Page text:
Note: As the Church has said, the manual has been prepared as the primary source of lesson material. This supplement, from a general conference address, is only meant as a complement to your study on this lesson's topic.
Excerpt from "Man Down!" by President Henry B. Eyring, April 2009 General Conference:
I am grateful for the honor and the blessing of speaking to the priesthood of God. My purpose tonight is to help you to be brave and bold in your priesthood service.
You will need bravery and you will need boldness because you are enlisted in the Lord’s army in the last dispensation. This is not a time of peace. That has been so since Satan arrayed his forces against our Heavenly Father’s plan in the premortal existence. We don’t know the details of the combat then. But we know one result. Satan and his followers were cast down into the earth. And since the creation of Adam and Eve, the conflict has continued. We have seen it intensify. And the scriptures suggest that the war will become more violent and the spiritual casualties on the Lord’s side will mount.
Almost all of us have seen a battlefield portrayed in a film or read the description in a story. Over the din of explosions and the shouts of soldiers, there comes a cry, “Man down!”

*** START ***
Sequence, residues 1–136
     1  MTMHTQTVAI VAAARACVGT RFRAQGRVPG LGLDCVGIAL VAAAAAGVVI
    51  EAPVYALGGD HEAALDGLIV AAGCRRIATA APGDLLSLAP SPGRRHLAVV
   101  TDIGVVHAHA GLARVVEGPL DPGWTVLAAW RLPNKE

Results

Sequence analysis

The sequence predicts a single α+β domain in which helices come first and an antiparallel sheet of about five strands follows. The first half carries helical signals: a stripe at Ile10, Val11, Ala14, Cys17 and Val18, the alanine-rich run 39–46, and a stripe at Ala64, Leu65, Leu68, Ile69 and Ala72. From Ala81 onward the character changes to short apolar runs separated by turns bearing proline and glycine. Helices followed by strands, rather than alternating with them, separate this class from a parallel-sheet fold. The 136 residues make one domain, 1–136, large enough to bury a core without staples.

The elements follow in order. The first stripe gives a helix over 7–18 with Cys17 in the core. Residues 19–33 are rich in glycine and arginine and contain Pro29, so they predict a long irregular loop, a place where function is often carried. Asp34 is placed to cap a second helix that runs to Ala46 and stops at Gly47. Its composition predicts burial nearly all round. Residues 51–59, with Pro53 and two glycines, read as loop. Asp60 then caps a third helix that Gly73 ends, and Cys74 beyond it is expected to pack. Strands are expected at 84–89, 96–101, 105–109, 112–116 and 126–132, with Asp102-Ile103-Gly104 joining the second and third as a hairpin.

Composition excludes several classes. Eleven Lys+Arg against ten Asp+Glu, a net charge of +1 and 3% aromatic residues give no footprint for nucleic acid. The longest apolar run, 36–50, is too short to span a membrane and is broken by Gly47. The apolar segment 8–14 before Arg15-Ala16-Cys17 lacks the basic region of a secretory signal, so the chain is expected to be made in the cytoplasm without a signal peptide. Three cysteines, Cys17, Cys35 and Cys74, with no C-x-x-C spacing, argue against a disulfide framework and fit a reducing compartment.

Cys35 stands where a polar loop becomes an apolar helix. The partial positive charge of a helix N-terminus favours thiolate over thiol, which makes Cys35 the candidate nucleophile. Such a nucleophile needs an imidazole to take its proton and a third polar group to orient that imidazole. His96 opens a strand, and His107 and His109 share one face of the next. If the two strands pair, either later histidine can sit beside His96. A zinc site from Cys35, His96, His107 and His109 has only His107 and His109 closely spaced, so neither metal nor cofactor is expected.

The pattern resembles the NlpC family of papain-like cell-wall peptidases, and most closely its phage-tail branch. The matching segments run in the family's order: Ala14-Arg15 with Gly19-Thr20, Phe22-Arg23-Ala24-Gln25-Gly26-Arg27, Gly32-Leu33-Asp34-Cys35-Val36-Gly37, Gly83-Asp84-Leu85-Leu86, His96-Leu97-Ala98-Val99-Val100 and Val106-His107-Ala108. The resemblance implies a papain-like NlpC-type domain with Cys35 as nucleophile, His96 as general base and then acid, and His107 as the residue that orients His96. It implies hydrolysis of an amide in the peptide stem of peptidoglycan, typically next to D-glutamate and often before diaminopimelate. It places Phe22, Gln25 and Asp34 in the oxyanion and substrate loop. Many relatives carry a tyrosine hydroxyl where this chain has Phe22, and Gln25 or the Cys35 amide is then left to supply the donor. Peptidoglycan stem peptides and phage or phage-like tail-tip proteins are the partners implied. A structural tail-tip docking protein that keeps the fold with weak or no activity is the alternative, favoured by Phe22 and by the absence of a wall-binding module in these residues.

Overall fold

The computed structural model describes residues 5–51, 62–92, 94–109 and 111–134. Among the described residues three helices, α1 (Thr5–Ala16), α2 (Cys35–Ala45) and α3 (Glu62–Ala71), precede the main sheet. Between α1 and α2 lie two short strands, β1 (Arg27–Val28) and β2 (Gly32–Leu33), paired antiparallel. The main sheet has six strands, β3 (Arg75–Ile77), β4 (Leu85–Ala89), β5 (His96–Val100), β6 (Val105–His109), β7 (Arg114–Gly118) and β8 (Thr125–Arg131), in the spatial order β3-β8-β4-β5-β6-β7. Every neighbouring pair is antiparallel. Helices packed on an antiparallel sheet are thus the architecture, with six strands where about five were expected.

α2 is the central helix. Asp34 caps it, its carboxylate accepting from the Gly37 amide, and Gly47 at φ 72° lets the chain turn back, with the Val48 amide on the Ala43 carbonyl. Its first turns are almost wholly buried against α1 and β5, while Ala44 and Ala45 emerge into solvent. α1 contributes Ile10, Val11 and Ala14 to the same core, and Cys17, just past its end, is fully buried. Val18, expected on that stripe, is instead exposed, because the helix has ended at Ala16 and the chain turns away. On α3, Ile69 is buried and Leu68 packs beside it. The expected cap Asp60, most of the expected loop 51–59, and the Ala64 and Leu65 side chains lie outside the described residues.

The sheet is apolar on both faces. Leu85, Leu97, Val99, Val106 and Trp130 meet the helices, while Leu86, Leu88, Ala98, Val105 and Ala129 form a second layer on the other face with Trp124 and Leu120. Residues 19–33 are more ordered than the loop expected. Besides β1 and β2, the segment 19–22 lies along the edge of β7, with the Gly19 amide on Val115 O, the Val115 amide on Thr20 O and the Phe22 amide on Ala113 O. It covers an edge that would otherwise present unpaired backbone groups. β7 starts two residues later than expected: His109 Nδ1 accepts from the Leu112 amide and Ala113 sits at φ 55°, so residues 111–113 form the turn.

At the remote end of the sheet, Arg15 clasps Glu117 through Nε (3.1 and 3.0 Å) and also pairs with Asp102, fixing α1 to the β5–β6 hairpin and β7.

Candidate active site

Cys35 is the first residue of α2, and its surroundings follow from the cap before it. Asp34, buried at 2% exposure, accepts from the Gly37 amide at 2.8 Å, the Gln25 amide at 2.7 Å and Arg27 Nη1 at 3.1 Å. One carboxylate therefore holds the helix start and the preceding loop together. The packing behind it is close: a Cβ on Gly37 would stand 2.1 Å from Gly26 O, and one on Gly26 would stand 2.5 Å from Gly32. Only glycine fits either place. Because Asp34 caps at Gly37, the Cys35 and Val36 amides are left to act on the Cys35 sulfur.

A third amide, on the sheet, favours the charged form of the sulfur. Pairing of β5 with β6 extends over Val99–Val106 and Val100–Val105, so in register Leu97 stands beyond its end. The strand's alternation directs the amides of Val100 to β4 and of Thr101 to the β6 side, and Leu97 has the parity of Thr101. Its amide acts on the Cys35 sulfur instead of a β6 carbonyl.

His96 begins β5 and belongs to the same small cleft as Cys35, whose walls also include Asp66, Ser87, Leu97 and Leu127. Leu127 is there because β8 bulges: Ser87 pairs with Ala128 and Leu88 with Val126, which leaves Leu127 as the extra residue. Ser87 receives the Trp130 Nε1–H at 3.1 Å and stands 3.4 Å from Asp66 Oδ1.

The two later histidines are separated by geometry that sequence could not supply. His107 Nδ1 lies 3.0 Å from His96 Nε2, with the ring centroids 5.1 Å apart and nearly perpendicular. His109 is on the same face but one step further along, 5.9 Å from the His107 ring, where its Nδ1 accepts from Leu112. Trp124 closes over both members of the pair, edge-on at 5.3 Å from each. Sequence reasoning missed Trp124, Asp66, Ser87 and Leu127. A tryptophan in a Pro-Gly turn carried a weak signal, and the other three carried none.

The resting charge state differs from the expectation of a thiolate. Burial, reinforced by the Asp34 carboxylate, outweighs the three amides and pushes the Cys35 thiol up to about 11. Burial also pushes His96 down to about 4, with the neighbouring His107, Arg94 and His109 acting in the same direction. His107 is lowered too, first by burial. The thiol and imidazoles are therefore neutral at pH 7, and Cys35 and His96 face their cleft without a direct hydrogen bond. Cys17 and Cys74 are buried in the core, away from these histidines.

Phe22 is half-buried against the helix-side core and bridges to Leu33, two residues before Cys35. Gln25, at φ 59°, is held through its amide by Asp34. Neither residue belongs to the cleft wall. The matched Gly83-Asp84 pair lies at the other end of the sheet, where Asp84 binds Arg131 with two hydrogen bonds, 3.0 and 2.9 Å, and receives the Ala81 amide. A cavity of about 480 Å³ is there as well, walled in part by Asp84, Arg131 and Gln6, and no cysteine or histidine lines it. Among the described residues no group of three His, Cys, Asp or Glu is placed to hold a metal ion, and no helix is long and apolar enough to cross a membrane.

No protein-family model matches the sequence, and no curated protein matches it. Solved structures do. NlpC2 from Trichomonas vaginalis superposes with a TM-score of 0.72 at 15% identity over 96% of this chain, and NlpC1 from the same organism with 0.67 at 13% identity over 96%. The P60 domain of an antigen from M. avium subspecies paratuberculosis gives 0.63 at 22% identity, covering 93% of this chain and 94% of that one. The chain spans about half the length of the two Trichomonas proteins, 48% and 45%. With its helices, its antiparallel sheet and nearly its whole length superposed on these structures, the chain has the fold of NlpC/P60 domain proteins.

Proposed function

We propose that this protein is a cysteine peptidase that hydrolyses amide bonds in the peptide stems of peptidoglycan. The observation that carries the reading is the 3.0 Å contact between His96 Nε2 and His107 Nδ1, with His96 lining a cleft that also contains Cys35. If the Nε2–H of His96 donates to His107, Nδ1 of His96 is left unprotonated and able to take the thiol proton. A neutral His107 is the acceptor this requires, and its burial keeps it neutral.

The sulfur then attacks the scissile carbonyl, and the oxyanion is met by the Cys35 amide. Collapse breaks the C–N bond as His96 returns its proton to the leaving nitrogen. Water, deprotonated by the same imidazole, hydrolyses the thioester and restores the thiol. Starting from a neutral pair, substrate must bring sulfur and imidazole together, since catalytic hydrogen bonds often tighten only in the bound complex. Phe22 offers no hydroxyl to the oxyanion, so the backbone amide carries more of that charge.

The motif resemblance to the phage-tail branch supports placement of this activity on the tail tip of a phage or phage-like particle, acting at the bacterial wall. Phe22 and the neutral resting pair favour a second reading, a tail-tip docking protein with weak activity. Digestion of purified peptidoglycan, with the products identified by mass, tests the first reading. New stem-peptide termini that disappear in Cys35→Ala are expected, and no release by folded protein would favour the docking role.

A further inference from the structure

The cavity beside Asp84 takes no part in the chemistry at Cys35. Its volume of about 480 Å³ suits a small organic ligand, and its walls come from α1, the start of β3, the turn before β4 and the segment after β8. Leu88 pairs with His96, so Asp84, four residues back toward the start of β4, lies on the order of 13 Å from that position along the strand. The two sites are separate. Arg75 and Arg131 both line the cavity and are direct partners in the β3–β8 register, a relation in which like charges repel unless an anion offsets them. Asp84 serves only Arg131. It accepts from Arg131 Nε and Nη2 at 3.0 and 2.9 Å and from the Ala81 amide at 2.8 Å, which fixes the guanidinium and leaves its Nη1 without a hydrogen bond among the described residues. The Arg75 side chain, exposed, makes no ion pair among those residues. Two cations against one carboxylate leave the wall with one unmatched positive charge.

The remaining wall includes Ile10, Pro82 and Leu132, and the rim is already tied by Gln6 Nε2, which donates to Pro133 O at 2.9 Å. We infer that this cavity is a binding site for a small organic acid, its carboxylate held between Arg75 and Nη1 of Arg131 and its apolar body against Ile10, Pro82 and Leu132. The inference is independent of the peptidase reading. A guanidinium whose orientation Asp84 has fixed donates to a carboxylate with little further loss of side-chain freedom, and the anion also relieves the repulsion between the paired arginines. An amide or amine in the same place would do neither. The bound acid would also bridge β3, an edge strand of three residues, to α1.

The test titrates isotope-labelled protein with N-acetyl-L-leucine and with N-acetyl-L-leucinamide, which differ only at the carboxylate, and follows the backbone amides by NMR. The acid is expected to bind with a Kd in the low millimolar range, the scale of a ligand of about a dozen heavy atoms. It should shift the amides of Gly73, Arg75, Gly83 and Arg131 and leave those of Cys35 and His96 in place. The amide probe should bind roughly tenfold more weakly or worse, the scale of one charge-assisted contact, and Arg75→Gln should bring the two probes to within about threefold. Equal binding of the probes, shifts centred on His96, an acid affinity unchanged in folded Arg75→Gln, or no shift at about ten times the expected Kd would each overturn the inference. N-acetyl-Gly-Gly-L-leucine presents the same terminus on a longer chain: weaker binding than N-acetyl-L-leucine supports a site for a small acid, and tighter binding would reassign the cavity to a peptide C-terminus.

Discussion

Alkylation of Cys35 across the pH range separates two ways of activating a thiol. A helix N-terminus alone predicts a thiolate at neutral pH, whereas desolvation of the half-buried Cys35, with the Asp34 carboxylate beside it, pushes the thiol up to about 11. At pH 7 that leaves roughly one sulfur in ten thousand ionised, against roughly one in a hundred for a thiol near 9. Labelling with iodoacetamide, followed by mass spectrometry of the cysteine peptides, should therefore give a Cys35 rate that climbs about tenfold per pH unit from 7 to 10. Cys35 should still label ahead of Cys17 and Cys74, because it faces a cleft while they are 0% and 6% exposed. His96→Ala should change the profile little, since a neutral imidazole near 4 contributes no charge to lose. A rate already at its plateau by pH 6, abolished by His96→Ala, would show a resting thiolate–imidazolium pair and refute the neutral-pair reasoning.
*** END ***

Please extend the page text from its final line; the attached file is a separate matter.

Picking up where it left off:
When that cry sounds, faithful fellow soldiers will move toward the sound. Another soldier or a medic will ignore danger and move to the injured comrade. And the man down will know that help will come. Whatever the risk, someone will run low or crawl to get there in time to protect and give aid. That is true in every band of men joined in a difficult and dangerous mission which they are determined to fulfill at any sacrifice. The histories of such groups are full of stories of those loyal men who were determined that no man would be left behind.
Here is one instance from an official account. 1 During fighting in Somalia in October of 1993, two United States Army Rangers in a helicopter during the firefight learned that two other helicopters near them had fallen to the earth. The two rangers, in their relative safety aloft, learned by radio that no ground forces were available to rescue one of the downed aircrews. Growing numbers of the enemy were closing in on the crash site.
To read the full talk, click here.